Recent studies suggest that baicalein protects neurons against Aβ-induced memory impairment by regulation of neuroinflammation and cell apoptosis (Gu et al., 2016; Li et al., 2019). Up to now, no evidence has suggested whether these effects are related to PDEs activity and the related pathway. Our studies along with others demonstrate that the high levels of PDE2, PDE4 and its subtypes were found in Aβ-treated mice hippocampi (Xu et al., 2015; Wang et al., 2017; Cui et al., 2019). Previous studies suggested that chronic treatment with PDE2 or PDE4 inhibitors may enhance memory via amelioration of neuronal remodeling in the frontal cortex and hippocampus, regions vulnerable to Aβ insults (Zhang et al., 2018; Ruan et al., 2019). The improvement of neuroplasticity in the Aβ-treated mouse brain after baicalein treatment was significant in our present study, which may be related to inhibition of PDE2A, PDE4A, 4B and PDE4D expression in the hippocampus. Indeed, some studies suggest that the expression of PDEs subtypes is decreased or even lost from cortico-cortical synapses and dendrites with advanced age in primates and rats (Carlyle et al., 2014; Leslie et al., 2020), which indicates that inhibition of PDEs’ activities may be associated with impaired rather than improved cognitive performance. Recently, controversy has increased over different expression of PDE subtypes and their activities in different brain regions with aging (Tibbo et al., 2019). We noticed that increasing studies support that PDE4 subtypes’ level may vary in isoform-specific manner when mice are chronically treated with PDEs inhibitors (Zhang & O'Donnell, 2000; Miro et al., 2002). These results demonstrate that adaptive alterations in PDE2A and PDE4 subtypes may occur in a chronic dosing protocol. In the present study, we found that levels of PDE2A, PDE4A, 4B and PDE4D were increased in Aβ42 oligomers-treated mouse hippocampus, which were reversed by chronic treatment with baicalein for 14 days. It is possible that baicalein-induced anti-Aβ effects may mainly occur through regulation of PDE2A, PDE4A, PDE4B and PDE4D related signaling. Further study suggested that both cAMP and cGMP levels were increased after chronic treatment with baicalein, supporting the amelioration of baicalein on memory function and neuronal remodeling may be via PDE2A and PDE4 subtypes dependent cAMP/cGMP pathway.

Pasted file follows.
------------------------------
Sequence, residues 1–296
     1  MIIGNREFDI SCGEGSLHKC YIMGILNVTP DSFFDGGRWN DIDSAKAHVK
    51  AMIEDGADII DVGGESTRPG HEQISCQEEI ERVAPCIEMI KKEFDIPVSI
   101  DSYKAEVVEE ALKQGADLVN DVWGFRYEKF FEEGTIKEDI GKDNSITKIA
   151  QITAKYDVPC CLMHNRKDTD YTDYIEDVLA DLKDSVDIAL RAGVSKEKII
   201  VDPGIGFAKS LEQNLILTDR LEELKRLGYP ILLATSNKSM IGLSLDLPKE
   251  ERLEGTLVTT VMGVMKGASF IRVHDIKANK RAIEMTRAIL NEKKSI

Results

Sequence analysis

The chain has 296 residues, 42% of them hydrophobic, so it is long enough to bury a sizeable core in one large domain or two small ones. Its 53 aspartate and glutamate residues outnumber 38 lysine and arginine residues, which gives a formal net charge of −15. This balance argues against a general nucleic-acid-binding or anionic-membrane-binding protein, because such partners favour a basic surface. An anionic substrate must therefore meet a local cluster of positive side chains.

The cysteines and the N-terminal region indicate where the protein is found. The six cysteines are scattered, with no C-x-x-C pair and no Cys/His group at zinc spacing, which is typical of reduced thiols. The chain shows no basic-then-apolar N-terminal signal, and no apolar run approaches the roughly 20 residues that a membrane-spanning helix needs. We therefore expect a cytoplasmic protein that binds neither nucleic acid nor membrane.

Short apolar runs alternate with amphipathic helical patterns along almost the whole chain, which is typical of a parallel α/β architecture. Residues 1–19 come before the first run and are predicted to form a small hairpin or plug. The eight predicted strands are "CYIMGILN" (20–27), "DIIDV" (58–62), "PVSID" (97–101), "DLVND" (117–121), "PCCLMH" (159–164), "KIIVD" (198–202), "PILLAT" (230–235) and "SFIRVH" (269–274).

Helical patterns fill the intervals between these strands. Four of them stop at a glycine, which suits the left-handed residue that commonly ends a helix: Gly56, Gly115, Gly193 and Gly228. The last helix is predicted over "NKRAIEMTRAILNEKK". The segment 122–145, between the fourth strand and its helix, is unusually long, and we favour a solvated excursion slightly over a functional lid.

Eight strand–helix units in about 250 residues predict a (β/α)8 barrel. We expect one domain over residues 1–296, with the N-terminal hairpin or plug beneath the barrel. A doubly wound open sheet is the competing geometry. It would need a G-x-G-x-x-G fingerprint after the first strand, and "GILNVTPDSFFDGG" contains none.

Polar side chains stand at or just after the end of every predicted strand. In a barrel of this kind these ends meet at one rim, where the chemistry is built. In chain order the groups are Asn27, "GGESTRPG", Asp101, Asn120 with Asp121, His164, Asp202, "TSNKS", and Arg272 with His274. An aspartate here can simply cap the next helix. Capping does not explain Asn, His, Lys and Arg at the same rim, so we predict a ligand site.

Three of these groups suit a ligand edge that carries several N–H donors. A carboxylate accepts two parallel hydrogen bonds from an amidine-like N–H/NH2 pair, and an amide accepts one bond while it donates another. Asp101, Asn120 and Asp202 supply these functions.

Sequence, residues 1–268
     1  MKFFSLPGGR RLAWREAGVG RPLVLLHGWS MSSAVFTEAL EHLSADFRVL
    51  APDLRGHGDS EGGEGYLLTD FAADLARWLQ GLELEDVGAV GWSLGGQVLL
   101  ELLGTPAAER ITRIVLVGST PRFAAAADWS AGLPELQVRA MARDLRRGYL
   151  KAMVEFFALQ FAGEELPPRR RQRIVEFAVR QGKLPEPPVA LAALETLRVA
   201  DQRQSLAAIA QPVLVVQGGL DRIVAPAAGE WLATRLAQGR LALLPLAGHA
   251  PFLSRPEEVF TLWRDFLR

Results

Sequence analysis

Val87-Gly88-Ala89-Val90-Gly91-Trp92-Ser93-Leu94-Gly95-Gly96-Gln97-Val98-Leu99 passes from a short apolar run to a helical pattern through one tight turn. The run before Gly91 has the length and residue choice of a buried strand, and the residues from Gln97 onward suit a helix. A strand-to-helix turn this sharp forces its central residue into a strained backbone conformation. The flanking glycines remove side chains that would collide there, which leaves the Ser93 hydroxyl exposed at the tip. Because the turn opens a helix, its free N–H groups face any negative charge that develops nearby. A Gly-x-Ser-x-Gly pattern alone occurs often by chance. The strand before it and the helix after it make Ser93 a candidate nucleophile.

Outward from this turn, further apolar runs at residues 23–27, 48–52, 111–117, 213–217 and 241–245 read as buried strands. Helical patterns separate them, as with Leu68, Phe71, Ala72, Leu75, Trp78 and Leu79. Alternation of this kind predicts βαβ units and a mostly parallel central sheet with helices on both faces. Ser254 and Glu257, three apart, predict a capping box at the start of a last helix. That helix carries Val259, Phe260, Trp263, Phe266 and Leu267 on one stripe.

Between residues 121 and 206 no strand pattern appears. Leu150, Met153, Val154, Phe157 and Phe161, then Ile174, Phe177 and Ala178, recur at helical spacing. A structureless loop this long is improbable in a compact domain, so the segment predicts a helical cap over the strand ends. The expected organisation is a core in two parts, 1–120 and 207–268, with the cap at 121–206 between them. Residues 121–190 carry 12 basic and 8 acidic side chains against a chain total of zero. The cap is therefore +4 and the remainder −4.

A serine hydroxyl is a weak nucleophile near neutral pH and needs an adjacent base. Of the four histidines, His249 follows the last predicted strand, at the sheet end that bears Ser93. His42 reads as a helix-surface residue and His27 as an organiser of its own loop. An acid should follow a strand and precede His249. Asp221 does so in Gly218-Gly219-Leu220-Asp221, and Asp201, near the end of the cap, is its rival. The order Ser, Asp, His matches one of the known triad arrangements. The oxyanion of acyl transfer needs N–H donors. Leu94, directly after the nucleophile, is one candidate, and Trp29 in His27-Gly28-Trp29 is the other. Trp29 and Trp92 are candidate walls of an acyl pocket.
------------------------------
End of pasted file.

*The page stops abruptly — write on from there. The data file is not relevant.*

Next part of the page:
It is well known that the upregulation of cAMP and cGMP levels is usually associated with an increase in PKA/PKG-related CREB phosphorylation. Ser133 is one of three potential phosphorylation sites in human CREB protein which contributes to regulation of neurodegenerative disorders and memory impairment (Xia et al., 2019). The present study found that Aβ exposure caused significant reduction in pCREB at Ser133, evidenced by a decreased ratio of pCREB/CREB. Baicalein prevented this decreased ratio, which indicates that baicalein may rescue cAMP/cGM-PKA/PKG dependent CREB phosphorylation and its downstream signaling. Recent studies have demonstrated that molecular determinants of neuronal plasticity, such as pCREB and BDNF, are activated by neuroprotective therapy, resulting in improved memory and cognitive function (Wang et al., 2016; Wang et al., 2017; Cocco et al., 2020). Our study suggested that baicalein significantly rescued Aβ-induced BDNF expression reduction, indicating that such effects may be related to regulation of baicalein on PDE2A/PDE4-dependent neuroprotective pathway that ultimately improves neuronal remodeling and cognitive function.